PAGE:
Leon is led out to the starting gate. The starter’s assistant asks if he is ready and Leon uncertainly affirms. The gate opens. Ace smiles as Gus nods excitedly. Mon Gateau is trapped between two other riders. Leon pulls back on the reins and Mon Gateau tosses his head in defiance. Leon eventually slows the horse enough to go outside his competition. He then allows the horse to reach its full speed and overtakes the riders who had boxed him in. Leon progresses through the field as Gus cheers along. Leon takes the lead and Gus tells Ace the horse is going to win. Leon wins lengths ahead of the field. Gus tells Ace he bet $200. Escalante, Leon and Mon Gateau pose for their photograph. A Steward’s Assistant places a claimed tag on Mon Gateau. Leon dismounts and commiserates Escalante on Mon Gateau being claimed. Escalante warns Leon to hope that he does not find out that Leon talked to anyone. Leon protests his innocence as Escalante stalks off. Gus observes that Escalante looks unhappy for someone who has just won.

Escalante approaches Ace and Gus in the stands, complaining about losing Mon Gateau. Gus offers congratulations to Escalante on the win anyway. Escalante promises to get revenge on whoever talked about his horse, ignoring Gus and addressing Ace. Ace says only good and then waits for Escalante. Escalante apologises for bothering them with his problem. Ace asks when Gus can see his horse and Escalante offers to take them right away.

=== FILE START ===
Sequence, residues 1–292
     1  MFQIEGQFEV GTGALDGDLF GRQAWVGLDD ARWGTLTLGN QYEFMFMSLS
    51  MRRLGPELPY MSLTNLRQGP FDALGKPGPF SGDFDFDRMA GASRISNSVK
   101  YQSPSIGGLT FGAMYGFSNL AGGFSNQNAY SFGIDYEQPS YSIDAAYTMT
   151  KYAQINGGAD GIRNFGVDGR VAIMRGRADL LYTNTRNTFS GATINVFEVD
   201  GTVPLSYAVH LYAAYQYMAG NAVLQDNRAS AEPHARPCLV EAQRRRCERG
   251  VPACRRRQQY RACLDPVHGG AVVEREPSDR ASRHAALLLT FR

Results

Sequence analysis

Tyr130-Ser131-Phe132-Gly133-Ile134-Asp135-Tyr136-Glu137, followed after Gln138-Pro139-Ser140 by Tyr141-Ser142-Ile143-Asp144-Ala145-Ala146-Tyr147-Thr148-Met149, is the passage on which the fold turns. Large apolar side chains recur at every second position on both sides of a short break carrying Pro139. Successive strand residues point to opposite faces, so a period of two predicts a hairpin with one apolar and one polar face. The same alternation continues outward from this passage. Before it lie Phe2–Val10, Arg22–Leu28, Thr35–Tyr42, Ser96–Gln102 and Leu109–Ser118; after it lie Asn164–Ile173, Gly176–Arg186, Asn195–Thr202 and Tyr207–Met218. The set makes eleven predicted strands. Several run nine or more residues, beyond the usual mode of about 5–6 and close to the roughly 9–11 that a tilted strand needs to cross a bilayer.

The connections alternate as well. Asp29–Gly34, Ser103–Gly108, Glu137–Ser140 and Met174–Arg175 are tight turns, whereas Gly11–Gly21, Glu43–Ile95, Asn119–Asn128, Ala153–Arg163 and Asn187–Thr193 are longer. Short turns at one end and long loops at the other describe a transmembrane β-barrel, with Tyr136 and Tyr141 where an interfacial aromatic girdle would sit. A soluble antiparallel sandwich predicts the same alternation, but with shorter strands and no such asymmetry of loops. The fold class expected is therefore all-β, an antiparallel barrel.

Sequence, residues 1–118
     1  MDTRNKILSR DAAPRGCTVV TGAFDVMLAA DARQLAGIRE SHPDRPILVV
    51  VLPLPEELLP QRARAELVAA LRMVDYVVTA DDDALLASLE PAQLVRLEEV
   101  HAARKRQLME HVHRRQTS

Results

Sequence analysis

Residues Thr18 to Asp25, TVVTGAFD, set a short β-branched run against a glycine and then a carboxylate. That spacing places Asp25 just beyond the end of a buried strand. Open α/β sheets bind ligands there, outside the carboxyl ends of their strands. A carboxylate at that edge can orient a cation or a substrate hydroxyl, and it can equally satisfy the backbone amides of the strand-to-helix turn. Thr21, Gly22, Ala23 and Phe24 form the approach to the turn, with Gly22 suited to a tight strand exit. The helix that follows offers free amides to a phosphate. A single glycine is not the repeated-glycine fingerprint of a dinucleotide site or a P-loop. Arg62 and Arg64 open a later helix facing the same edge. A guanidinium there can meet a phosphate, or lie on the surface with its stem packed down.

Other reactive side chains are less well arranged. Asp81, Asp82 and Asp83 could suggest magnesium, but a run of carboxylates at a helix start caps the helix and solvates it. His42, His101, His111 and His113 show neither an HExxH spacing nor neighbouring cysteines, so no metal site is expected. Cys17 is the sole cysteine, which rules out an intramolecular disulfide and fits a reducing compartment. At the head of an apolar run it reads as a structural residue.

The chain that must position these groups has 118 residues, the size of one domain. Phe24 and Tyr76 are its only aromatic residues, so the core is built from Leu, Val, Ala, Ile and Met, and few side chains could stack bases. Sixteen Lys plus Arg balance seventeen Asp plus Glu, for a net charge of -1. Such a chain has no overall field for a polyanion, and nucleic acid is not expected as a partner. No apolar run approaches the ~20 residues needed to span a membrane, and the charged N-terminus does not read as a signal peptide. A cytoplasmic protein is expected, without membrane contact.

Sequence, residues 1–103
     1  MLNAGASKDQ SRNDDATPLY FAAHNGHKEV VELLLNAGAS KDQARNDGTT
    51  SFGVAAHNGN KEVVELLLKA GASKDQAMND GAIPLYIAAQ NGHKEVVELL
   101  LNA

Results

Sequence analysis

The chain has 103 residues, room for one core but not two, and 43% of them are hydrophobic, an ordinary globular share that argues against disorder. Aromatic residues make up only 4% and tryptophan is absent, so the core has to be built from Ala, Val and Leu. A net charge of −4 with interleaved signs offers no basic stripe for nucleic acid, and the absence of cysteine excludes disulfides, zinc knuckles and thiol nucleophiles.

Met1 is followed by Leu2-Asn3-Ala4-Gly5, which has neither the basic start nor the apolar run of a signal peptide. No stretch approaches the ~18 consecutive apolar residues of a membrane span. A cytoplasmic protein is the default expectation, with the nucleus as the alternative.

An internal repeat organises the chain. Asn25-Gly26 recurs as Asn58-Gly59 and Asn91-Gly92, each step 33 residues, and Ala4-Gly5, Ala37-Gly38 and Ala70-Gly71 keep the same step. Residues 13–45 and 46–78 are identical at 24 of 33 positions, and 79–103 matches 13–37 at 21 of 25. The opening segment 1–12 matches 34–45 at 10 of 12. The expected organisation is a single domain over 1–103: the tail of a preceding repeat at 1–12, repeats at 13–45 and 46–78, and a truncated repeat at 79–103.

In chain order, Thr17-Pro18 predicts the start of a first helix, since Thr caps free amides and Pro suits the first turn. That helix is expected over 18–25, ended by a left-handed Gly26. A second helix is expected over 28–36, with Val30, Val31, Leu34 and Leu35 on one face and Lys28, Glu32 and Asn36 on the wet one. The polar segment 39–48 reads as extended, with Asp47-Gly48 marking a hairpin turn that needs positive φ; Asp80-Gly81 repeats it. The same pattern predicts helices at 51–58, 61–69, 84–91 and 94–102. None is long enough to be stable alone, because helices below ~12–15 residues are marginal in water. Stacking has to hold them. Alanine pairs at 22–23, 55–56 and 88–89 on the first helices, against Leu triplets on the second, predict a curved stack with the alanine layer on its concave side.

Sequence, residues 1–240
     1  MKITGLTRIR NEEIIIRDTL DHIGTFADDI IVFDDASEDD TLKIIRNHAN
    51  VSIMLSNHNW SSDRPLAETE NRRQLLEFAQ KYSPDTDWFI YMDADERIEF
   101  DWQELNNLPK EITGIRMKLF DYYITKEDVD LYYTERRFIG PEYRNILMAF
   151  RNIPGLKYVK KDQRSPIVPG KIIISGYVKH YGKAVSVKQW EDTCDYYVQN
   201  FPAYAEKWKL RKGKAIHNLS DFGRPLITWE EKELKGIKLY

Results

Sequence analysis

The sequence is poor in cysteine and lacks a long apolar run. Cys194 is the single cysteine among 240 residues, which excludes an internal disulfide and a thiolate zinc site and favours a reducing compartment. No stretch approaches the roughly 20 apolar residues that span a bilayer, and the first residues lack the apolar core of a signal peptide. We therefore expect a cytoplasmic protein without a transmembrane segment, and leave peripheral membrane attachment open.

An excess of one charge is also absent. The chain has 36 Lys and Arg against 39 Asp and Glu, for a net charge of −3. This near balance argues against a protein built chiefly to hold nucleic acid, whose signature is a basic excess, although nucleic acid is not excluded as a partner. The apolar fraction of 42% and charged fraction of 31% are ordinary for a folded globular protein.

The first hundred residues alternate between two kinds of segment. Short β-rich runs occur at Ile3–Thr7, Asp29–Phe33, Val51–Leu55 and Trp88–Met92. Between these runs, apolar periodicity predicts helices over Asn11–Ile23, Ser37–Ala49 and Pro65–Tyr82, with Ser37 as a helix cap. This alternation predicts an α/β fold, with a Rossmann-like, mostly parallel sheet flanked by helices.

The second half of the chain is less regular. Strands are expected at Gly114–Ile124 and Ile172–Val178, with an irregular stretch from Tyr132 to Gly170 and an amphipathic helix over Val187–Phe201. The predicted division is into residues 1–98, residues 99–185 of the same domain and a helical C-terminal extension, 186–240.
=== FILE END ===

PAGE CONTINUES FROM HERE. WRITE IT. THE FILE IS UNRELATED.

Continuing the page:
In Escalante’s barn Gus says that Pint of Plain is looking much better than last week. Escalante says that often people have a feeling and speak when they really know nothing about the subject, insulting Gus and referencing his belief that someone’s big mouth is behind his loss of Mon Gateau. Gus and Ace take offence. Ace and Escalante share a hard stare and Ace asks if it is too hard to keep a civil tongue. Escalante says that he will not beg to keep the horse. Escalante agrees that the horse is better and reports that he has had new shoes fitted. Ace tells Gus that the horse has a great stride, adding that Gus showed him tapes to maintain the illusion of Gus being the decision maker. Escalante agrees that the horse has a smooth action on the track. Escalante says that he had to start paying all of Mon Gateau’s bills himself two years prior because the horse had a problem with its front legs. He is upset that he has now had to give the horse away to Mulligan. Ace tells Escalante that it appears that he lost in a game he ran. Gus is distracted by the goat and points it out to Ace. Ace says only good and does not look away from Escalante. Escalante reports that Pint of Plain likes the goat and will often nudge him with his nose. Escalante’s stable hand says that the goat waits by Pint of Plain’s stall when the horse is out of the barn in Spanish and Escalante translates for his visitors. Escalante says that the stable hands have named the goat after an exercise rider because of his bowed legs. Ace asks what Gus calls him and Escalante tells him “Goat”. Ace asks how much Escalante pays for the bags of carrots he has on the side, clarifying that he means now rather than when Escalante started out 30 years ago. Escalante checks with the stable hand and reports that it is about $15 a bag. Escalante asks why Ace cares about the cost of the carrots. Ace avoids the question and asks if Escalante knows that he was in prison. Escalante confirms that he has heard people say so. Ace suggests that people might also say that Gus’ ownership of Pint of Plain is related to organized crime. Escalante says that he wouldn’t know, being from Peru. Ace smiles and asks to pet the horse. He gently strokes the horses head as Escalante observes that the horse has a plain head.